I wasn’t running into the same issue before centering the parameters.


#9

I was able to verify that that the serialization error above comes is due to being out of memory. I used the free command to log memory usage and sure enough I ran out,

nohup watch -n 1 'free -mh' > mem.log &

I noticed in another thread that either Bob or Ben said rstan allocates memory up front while CmdStan does not (it streams?). I think I’ll give that a shot. I also might give the parallel::mcapply and sampling() route a shot: https://github.com/stan-dev/rstan/issues/243#issuecomment-164560369


Error in unserialize(socklist[[n]]), running sampling on rstudio server on AWS
#10

You can also stream out in R. What I’ve never understood is whether you can turn off saving in memory.

You can also do fewer draws (rarely does anyone need more than a couple hundred effective sample size) or save fewer parameters.


#11

I don’t think that’s true. I tried the sample_file arg on stan but memory still ballooned.

Since standardizing in transform parameters adds a significant amount of overhead and most of my priors are centered between 0 - 5 with standard deviations of +/- 2 does standardizing buy me much?

Could I move these back to the model block and specify non-centered priors with practically no loss given my scales aren’t too out of whack here? I know that if I do this I lose the nice interpretability of the standardized parameters.

I think if I can safely do that it could let me fit the model on the full larger dataset.

As an aside, I tried out an AR(1) process. I specified a hierarchical rho parameter bounded between -1 and 1. I was surprised that when the model returned the n_eff had dropped significantly for the rest of the covariates. I’m not yet exactly sure how to diagnose this type of issue but it’s one that I’m going to read up on.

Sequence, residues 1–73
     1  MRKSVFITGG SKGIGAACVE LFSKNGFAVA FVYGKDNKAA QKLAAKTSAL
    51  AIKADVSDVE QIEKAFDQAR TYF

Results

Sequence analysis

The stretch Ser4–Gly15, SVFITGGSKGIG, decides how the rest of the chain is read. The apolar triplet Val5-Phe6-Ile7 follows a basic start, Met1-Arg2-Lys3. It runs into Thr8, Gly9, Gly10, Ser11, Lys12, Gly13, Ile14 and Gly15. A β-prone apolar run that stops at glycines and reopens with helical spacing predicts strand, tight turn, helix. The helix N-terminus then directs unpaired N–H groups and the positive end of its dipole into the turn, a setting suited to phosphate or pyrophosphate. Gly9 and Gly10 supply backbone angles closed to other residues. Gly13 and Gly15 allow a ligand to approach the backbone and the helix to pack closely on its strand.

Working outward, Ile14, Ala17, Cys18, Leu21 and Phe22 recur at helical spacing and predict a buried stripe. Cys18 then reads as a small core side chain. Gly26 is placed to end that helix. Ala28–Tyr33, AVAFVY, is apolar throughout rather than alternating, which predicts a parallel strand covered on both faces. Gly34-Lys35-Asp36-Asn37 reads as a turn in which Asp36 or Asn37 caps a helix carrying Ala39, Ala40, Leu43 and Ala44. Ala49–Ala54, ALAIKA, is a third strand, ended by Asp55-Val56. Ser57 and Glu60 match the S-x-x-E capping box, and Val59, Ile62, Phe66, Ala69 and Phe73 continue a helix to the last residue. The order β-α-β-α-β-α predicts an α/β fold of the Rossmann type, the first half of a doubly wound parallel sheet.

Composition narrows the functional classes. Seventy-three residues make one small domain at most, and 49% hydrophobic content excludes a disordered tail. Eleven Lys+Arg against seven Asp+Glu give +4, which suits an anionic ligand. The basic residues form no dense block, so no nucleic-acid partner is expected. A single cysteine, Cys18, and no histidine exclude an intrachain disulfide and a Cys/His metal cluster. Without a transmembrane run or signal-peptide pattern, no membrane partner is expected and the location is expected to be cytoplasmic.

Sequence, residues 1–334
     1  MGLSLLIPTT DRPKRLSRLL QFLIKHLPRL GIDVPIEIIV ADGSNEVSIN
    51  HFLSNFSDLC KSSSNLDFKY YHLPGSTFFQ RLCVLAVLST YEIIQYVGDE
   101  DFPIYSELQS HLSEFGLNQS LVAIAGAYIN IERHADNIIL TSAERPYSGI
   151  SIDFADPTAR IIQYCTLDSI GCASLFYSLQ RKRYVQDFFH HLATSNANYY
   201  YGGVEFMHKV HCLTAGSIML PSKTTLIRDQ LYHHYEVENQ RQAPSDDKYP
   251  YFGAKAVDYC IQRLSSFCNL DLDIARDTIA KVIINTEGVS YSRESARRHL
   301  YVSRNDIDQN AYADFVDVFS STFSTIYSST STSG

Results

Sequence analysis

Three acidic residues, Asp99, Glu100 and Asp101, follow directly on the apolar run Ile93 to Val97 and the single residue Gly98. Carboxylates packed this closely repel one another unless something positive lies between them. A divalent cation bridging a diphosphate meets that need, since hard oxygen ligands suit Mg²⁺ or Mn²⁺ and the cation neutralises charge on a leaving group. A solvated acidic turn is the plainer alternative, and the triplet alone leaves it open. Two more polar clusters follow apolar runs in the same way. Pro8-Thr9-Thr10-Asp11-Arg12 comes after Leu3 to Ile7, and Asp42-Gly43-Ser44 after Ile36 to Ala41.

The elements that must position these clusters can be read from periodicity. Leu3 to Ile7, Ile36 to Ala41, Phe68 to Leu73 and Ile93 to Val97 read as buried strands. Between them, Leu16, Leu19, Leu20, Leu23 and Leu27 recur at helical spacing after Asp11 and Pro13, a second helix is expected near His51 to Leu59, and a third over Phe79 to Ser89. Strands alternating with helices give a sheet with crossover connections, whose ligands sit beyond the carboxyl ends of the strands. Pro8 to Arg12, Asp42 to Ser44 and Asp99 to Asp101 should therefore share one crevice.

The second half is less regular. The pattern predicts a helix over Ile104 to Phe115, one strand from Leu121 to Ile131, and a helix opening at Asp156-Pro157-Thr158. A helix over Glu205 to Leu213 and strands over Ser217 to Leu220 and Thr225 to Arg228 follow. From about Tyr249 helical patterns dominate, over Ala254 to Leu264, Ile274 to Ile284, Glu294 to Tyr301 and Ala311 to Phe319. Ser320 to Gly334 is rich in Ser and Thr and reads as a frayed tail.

#12

What if you use sample_file in combination with pars=""?


#13

Do it in the model block to have less overhead. You can do the same thing in transformed parameters or in the model block and only difference is whether the values are stored or not.


#14

When you don’t have the constraint, is there any probability mass past the boundaries? If so, the hard boundary will likely introduce difficult geometry that will drive down the overall n_eff rate per iteration. With a hard boundary, it pushes the unconstrained lower or upper bound to plus or minus infinity, which is more difficult computationally to adapt for step size. It will also bias the fit compared to the unconstrained parameter, as all that mass that would be beyond the boundary is now piled up at the boundary, so any expectation will be further away from the boundary.


#15

@jonah Using sample_file and pars = "", I get the error message,

no parameter ; sampling not done.

@avehtari’s advice was a big help! I moved the centering process to the model block it cut down the memory footprint a good bit as expected.

You can do the same thing in transformed parameters or in the model block and only difference is whether the values are stored or not.